United Social Ventures Accelerating Youth-Led Change
Current Start-up Stage:
Uganda is consistently rated as one of the youngest and most entrepreneurial countries in the world. According to the Global Entrepreneurship Monitor, almost 30% of young people are engaged in the early stages of setting up and running an enterprise. But this entrepreneurship is enforced, unsupported, and consequently ineffective at creating systemic social changes. There is a vicious circle of social entrepreneurs being discouraged by failures and so not developing their ideas sufficiently, while funders will not reduce their standards for ventures to get seed capital – meaning most ventures never get realised.
USV breaks this status quo by providing entrepreneurs with both the technical support to develop ideas into products with limited funding (using global best-practice methodologies, such as Human Centered Design and Lean Start-up), and the emotional validation to accept and learn from failures. This is done through a combination of workshops and one-to-one coaching drawing upon 30 modules – totaling over 100 hours of content – and dozens of tools adapted to the Ugandan context. Staff are supported by a network of ‘Associates’ – individuals and institutions who co-facilitate workshop modules where they have particular expertise. This experiential learning is a radical departure from traditional educational curriculum and extremely cost-effective.
The charity is different from other business support organisations in its focus on social ventures. Social ventures have 3 defining characteristics: (1) They value people over profits. In other words, they prioritise value creation above capturing value for their owners, if they are for-profits. (2) They seek systemic change. They aim to give equitable value to all affected by the problem, not just a few. (3) They are market-based. Their products are designed based upon the value to users, not funders – and are therefore much more effective.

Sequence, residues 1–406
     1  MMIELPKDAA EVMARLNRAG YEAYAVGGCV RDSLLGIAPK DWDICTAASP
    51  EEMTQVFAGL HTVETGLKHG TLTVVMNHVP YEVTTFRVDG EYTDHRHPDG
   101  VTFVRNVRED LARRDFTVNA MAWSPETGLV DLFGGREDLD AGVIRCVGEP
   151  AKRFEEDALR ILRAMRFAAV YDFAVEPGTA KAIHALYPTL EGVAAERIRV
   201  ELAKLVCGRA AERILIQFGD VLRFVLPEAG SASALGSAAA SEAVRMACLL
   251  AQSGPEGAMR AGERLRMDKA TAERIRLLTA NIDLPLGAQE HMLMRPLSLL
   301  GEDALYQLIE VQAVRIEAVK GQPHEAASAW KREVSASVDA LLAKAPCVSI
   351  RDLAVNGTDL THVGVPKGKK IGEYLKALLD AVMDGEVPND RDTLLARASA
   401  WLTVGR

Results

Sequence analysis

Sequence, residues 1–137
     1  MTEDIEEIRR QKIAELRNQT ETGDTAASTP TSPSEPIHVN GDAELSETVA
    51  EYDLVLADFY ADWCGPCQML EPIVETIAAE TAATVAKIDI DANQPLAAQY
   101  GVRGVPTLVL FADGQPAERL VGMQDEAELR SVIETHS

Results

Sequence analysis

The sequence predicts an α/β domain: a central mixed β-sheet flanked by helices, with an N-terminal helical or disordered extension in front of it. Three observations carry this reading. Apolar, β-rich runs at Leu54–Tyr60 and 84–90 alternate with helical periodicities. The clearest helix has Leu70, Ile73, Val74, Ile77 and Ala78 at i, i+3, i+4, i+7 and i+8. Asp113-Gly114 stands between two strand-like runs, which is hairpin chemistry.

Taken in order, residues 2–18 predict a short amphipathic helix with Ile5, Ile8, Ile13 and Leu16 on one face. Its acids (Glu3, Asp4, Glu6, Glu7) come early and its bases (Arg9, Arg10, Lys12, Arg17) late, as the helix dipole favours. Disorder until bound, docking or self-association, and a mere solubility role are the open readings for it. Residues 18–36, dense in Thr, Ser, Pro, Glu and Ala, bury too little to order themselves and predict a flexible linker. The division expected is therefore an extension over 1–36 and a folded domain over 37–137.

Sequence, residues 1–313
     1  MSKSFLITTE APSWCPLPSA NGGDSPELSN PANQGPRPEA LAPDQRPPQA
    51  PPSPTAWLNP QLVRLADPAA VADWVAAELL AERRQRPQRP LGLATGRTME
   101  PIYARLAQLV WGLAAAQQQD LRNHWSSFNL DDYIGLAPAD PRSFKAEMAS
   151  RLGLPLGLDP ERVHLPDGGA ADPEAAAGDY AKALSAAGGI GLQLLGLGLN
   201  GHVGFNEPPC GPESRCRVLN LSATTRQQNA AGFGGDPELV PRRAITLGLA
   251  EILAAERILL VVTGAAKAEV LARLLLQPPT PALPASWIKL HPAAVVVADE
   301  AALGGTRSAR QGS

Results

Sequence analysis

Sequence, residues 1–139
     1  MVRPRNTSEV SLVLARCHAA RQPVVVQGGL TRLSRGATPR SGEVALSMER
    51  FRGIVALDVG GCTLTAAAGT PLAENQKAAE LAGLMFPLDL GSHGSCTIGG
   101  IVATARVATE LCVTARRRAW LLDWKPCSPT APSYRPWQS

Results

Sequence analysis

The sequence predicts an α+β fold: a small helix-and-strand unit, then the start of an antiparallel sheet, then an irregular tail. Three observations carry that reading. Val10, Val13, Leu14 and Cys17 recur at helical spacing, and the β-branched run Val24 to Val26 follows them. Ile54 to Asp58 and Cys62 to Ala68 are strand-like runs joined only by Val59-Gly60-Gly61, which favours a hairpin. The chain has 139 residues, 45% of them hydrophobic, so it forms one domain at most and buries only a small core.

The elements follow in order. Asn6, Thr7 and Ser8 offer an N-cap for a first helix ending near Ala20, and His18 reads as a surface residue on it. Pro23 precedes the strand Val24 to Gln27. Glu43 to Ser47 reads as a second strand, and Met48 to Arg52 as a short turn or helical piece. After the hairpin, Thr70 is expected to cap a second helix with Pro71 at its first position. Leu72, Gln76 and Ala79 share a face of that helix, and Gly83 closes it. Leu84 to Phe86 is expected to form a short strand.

In 2019, USV was directly responsible for ventures raising over $90,000. In total, 84 workshops were held with over 250 social entrepreneurs participating. In a survey with 78 respondents, 87% reported USV’s workshops had affected their venture’s impact and business models ‘a lot’. The organisation also increased earned income by 360% through creating a new revenue stream in contracts with universities and innovation hubs to deliver workshops – including work on the Ministry of ICT’s National ICT Initiatives Support Program. At the end of the year, the charity signed its largest ever contract to support Makerere University students to design ventures to access $200,000 of seed-funding from the MasterCard Foundation over 2020.
In the future, USV plans to scale its model of training and advisory services to social start-ups to other low-income countries. This will be made possible by its hybrid financing model combining contracts with hubs and universities, advisory fees (paid over time based upon success) from social ventures, hosting fees from international volunteers, and charitable giving (grants, crowdfunding, CSR).